I would love to have one of these in time for OSCON, but I can't seem to find anybody who's actually selling them. I hate carrying tons of stuff around conferences. It would also solve the problem of using a Powerbook at a good typing height. The only thing I'm not sure about is how it would work if you need to put the Powerbook into a carrying bag.
[00:51] | [computers/operating_systems/macosx] | # | TB | F | G | 0 Comments | Other blogs commenting on this post
Thu, 22 Jul 2004
The other night Wilhelm also gave me a brief demo of Aleks Totic's pydev, which is ironic because Aleks volunteered at OSAF before I started there. pydev looks promising but it looks to me like it still needs some more work. Aleks is no longer working on it, which is a bit scary but it looks like there are some other developers as well. Perhaps Dana Moore will be talking about pydev at his session next week at OSCON. I mostly use Wing just for the debugger, and they've been really late with the Wing 2.0 beta for OS X. Not only that, but Wing on the Mac requires X11. Here I go, turning back into a Mac snob...
[00:09] | [computers/programming/python] | # | TB | F | G | 1 Comments | Other blogs commenting on this post
I go to SeaJUG to hang out with people. If the presentation is good, that's just a bonus. Here's an example of why. As we were riding over to the meeting, Wilhelm was telling me about see, which is basically emacsclient/gnuclient for SubEthaEdit. It allows you to invoke SubEthaEdit from the command line and have it open a file in a running SubEthaEdit, or start a new SubEthaEdit if one isn't running. Wilhelm picked this up off some blog that I never heard of. It comes in Objective-C source format.
[00:06] | [computers/operating_systems/macosx/tips] | # | TB | F | G | 0 Comments | Other blogs commenting on this post
Wed, 21 Jul 2004
Categories, aspects, posing, and pyprotocols
After last night's SeaJUG, I had a discussion with my friend Bob Coombs, who is a long time NeXTStep programmer. He was explaining some features of Objective-C to me. In particular, categories, which allow you to group up methods (which sound a lot like aspects in some ways), and posing, a way for one object to pose as another. The posing functionality sounds a lot like features that Bob Ippolito and Donovan Preston described as part of pyprotocols. As usual the world is small, especially the world of ideas.

Aside from issues of licensing and market share, Cocoa/NeXTStep is probably the most advanced commercially available system for building desktop applications, so I've been getting more interested in learning how things work. It's kind of like the scene in The Matrix when they are about to extract Neo from the Matrix. Neo touches a mirror, his finger goes silvery, and all of a sudden the silver is crawling up his arm. Next thing he knows, it's taking over his head. Yep, it's kind of ... exactly ... like that.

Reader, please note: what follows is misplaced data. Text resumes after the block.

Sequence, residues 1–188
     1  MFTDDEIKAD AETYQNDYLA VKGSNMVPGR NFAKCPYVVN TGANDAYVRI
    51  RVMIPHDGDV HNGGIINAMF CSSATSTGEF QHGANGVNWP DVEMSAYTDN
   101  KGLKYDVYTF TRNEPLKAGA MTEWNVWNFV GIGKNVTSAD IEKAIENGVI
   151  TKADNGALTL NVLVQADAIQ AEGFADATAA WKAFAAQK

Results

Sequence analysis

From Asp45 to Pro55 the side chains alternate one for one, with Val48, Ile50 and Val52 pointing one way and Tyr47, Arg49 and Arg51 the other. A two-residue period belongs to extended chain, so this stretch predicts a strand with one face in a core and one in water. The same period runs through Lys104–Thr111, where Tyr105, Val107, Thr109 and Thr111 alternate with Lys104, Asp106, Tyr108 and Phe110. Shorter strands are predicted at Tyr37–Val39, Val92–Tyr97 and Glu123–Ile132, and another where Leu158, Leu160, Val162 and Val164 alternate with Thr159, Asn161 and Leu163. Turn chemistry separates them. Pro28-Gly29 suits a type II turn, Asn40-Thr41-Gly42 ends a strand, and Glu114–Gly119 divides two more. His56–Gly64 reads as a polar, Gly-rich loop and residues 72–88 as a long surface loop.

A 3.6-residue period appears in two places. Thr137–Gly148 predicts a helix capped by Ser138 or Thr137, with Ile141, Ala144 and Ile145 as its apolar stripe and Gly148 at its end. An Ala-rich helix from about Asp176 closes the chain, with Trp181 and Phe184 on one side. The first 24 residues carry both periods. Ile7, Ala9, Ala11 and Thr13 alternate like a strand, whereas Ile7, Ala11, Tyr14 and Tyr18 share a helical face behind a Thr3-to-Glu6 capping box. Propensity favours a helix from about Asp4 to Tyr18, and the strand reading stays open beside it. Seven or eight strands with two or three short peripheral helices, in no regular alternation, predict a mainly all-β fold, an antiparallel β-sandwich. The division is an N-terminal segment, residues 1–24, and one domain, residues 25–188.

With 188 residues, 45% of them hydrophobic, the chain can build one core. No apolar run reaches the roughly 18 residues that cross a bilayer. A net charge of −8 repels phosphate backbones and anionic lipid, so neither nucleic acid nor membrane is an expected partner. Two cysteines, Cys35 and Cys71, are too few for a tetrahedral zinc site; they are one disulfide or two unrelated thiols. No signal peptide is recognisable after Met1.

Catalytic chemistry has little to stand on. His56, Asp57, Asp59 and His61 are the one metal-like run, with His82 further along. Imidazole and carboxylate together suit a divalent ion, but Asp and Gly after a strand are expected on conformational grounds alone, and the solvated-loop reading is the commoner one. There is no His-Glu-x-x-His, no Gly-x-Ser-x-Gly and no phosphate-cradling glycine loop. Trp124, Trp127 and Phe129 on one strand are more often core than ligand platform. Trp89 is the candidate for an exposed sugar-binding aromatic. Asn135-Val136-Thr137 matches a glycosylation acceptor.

[22:59] | [computers/operating_systems/macosx] | # | TB | F | G | 1 Comments | Other blogs commenting on this post
Tue, 20 Jul 2004
Tonight's SeaJUG meeting was the annual panel of JavaOne attendees. One interesting thing that happened during the discussions was the amount of concern raised over the new language features, particularly generics and attributes. There was some feeling that Java 5 was going to create two languages, pre Java 5 and Java 5. The fact that many of the new JSR's are already incorporating generics and attributes will only strengthen that separation. A few people felt that it would be even worse, that due to the timing of the releases, Java developers would actually have to deal with 3 dialects of Java. Takes a bit of wind out of the write once run anywhere sails. Thanks to an unknown SeaJUGer for the title of tonight's post

Another thing that I found interesting was that there was almost no mention of EJB 3, despite the fact that it's much simpler than EJB 2. Most of the time was spent talking about J2ME, JNDC and JDIC, Looking Glass, and generics. A few people lauded the benefits of JNDC -- apparently one of the panelists discovered that some of the JNDC components were Swing extensions that were written when members of the Swing team tried to actually write a Swing application. A few people spent portions of their reports talking about whether or not Sun was understanding the importance of developers, and on their perceptions of Sun's financial health.

Joe Bowbeer and I disagreed over the usefulness and openness of the JCP. Joe has had a good experience with the JCP, while I've mostly had indigestion over JSRs, and the long process of getting the JCP to be more open. It appears that some SeaJUG members have me pegged as Mr. Groovy, a title which should be reserved for James. I haven't actually been very involved with Groovy in the last few months. I haven't made up my mind over whether I'm going to participate in the JSR process, for a variety of reasons. One if them is that since the announcement of the JSR, I feel that there are more people pushing for Groovy to be more like Java, which (at least in my mind) defeats the purpose of having Groovy in the first place. Apparently, I'm not alone in my thinking -- this week eWeek published an interview with James Gosling in which he said